If you’ve ever rented a property (over a third of the US population currently rents!), you’ll know that moving out at the end of your tenancy can be a stressful experience: there are the removal costs to consider, the packing and labeling of countless boxes, the endless calls to utility suppliers, etc. But something that can cause the most undue hassle is trying to make sure you get your deposit back in full (and quickly).
A landlord should return a deposit within 10 days of you moving out, but some of the more demanding landlords may try to hold on to your cash for longer if they think they have reasonable grounds to do so.
Fortunately, there are several things you can do before (and during) your tenancy to keep your landlord on-side and ensure there are no lengthy delays getting your deposit back when you leave.
Document everything before you move in
When you get the keys to your new home, a landlord should provide an inventory (likely using a service like Mashroom) that documents every aspect of the property, including its contents and condition. Make sure you read this thoroughly, and ensure the landlord is aware of any additional imperfections not included in the inventory that you could end up being liable for.
It’s also a good idea to take photos of the property at the start of your tenancy. This will give you leverage if the landlord is haggling over your deposit repayment due to damage that wasn’t caused by you.
Check the terms of your tenancy agreement
It’s important that you know exactly what your landlord expects from you in terms of upkeep of the property, and this should all be documented in your tenancy agreement. Reading through pages of contractual jargon may seem like a slog, but you could be caught out at the end of your tenancy if you’re unsure of your obligations.
Before you make any changes to the property, check with the landlord first. Something as simple as hanging a few pictures could delay your deposit being repaid if this causes undue damage to the walls, so get the go-ahead before hammering in any nails.
Report issues and breakages straight away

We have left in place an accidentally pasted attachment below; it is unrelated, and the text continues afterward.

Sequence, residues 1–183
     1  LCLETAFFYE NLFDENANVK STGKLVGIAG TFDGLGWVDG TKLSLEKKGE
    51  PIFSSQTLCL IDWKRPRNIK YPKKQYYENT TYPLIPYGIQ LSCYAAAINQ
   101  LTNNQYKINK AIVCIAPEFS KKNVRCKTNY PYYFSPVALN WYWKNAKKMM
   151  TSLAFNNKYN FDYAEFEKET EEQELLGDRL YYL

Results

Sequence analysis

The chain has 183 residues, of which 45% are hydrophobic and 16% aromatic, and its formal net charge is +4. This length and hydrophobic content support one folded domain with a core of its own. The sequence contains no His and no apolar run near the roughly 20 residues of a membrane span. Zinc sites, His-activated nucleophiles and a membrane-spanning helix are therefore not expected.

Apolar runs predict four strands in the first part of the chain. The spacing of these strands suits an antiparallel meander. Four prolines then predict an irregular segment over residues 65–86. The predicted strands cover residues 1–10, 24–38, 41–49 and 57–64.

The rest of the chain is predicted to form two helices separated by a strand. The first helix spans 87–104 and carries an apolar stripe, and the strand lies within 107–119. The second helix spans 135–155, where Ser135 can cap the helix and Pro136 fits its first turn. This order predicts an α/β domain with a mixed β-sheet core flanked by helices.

To avoid additional hassle at the end of your tenancy, it’s best to report any issues or breakages to your landlord as soon as they occur. They’ll normally set aside some budget to cover reasonable repairs or replacements if anything goes wrong (providing it was out of your control). Alternatively, you may choose to repair or replace any damaged items at your own expense.
For extra protection, you should take out tenant insurance at the start of your tenancy (like that offered by Duuo, for example), as this will cover the cost of replacing your belongings if they break (or they’re stolen).
Clean thoroughly before you leave
Often the main cause of deposit disputes between tenants and landlords is property cleanliness (or a lack thereof). As a tenant, you’re expected to leave the property (normal wear-and-tear notwithstanding) in the condition that it was in when you first moved in. That means conducting a deep clean, ensuring walls, floors, carpets and any furniture and appliances are returned to their original states.
You might choose to hire a professional house cleaning service (this will come at a cost but will often mean you’re more likely to get your full deposit back) or you could opt to clean the property yourself.
Pay all rent and bills on time
This may go without saying, but your deposit repayment could be withheld if you have any outstanding rent or or bills at the end of your tenancy. In 2021, it was estimated that 5.8 million renters in the US fell behind on rent payments (in part due to the financial impact of the COVID-19 pandemic) and this is one of the most common reasons for a landlord holding on to a deposit.
If you’re worried that you might miss a rent payment, you should speak to your landlord straight away. It’s far better to be up-front about your financial struggles than failing to pay up on time and having your landlord chasing you for payment.
If you’re renting a property (or if you’re in the market for a new rental), follow these steps to ensure you have no awkward or protracted deposit disputes at the end of your tenancy. As long as you stick to this advice, your deposit should be returned quickly (and in full).